I’m in the middle of a major writing project with an impending deadline for the publisher. I’m researching and profiling variety of school models for this work. As a started a section of a chapter about “lessons learned” from one of the schools, I had an important epiphany. Only I’ve probably come to this conclusion many times in the past, so I’m not sure if epiphany is the right word. Perhaps I should call it a re-realization. It is about the uniqueness of each child and the values-laden nature of schools and school culture.
My re-realization says something important about my philosophy of education, and explains much about what I write and why I write it. It is this:
The school that claims to be the ideal school for every child is on a certain path to becoming the ideal school for no child.
Becoming the best option for every child is not achievable, not unless we restrict the options through laws, regulations, and cloaked social strategies to control people’s choices (like resisting programs that make private school options affordable for families). The only way to make the local school the “best” school is to make it the only school and then proudly proclaim that it is the best school for every child in town. Of course it is the best option because it is only being compared to itself! Yet, when I uncover the arguments behind some people’s positions on modern education, it certainly seems to boil down to such a position.
If we want to make greater progress in education today, it is time for us to be honest about some basics and my re-realization is one of those basics. No school is ideal for every student. If you can agree with this, then the next question is simply this. What are the implications of this fact for the type of education ecosystem that we should promote, design, or re-design in contemporary America?
If, on the other hand, you disagree with my claim. You argue that a single school can indeed be ideal for every student, or least the majority of students, then that is a different matter.
In fact, there are two very different positions in what I just wrote. If you try to hedge your position by saying that a school can at least be good for the majority of students, therefore we should invest and support that choice above others, then what does that say about your view of and value for the minority? Are you contending that doing what is right for the majority is adequate, even if there is a minority that suffers because of it? We are talking about human life and potential here. Do we really want to be so wasteful with something so precious?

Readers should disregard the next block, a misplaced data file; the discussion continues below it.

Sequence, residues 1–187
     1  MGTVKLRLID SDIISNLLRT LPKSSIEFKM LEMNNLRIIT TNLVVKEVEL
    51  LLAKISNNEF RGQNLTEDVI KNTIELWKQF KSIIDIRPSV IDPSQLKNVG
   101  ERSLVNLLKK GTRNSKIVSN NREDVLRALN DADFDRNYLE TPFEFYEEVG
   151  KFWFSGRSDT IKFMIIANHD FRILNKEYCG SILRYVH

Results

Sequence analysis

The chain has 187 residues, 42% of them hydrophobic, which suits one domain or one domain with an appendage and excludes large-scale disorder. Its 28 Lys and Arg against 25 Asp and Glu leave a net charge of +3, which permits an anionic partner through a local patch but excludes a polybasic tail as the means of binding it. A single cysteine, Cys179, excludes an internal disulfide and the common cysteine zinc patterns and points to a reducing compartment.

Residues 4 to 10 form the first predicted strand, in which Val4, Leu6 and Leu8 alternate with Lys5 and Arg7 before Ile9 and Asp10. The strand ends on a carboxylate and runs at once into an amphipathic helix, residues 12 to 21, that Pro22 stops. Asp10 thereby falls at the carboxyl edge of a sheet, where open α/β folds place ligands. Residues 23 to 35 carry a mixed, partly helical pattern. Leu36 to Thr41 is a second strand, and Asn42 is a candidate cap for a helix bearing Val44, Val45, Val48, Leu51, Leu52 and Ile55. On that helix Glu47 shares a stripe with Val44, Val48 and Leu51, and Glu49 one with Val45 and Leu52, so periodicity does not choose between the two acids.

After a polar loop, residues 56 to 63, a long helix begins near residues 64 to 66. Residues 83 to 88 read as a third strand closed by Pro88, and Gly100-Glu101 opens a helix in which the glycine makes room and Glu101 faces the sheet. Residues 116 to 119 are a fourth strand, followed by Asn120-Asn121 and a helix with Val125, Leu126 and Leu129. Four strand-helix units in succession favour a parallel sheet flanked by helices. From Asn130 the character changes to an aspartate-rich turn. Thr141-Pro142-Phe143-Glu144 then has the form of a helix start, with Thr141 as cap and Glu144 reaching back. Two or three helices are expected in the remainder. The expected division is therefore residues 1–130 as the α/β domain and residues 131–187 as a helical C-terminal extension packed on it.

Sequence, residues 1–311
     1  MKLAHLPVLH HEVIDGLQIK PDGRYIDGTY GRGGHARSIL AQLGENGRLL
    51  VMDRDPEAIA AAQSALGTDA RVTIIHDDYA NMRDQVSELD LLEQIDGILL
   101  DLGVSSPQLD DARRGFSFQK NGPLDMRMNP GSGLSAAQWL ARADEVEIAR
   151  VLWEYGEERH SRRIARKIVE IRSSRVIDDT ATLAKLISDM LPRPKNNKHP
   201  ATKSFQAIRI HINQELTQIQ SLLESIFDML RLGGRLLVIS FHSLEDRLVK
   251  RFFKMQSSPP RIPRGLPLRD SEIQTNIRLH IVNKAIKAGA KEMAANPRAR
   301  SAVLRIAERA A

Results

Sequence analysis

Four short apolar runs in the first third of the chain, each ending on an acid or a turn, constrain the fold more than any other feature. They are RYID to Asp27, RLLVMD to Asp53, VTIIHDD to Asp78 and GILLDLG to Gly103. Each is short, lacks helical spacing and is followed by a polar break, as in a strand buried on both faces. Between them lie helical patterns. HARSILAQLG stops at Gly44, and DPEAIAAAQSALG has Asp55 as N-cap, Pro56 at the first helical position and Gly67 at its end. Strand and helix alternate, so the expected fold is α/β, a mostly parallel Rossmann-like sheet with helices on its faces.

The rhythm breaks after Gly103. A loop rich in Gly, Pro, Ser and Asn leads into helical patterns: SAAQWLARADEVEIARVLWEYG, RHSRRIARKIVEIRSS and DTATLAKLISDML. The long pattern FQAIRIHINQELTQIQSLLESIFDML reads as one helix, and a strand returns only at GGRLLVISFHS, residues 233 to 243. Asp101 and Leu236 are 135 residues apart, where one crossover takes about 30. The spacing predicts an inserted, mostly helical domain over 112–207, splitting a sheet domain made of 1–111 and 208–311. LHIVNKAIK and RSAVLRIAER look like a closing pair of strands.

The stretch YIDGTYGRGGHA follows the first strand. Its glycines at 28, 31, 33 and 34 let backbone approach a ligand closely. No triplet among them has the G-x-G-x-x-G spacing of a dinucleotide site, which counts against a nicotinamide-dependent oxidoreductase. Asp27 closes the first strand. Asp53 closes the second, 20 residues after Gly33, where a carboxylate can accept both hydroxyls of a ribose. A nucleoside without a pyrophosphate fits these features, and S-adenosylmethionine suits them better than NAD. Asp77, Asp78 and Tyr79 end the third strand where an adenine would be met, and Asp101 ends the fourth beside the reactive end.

If you are more firm on your position and say that a single school can truly be ideal for every student, then I must reply with a demand that you prove such an extreme claim. Do you really believe this or are you just holding to the position because it best supports some larger set of beliefs and values that you hold dear? There are some alternatives to supporting this position. One is to claim that one school can, in fact, become or function like many, creating different pathways for different students. In fact, I have often championed such an approach. Only, I contend that this gets us to a school that is good for many students, but not all, and I contend that we should not settle for the pursuit of anything less than a better, more hopeful, more humane educational ecosystem that offers very good options for all learners (and that the learners and their closest ones) have ample say in defining what constitutes “very good.”
Now I should get back to writing and meeting that impending manuscript deadline with the publisher.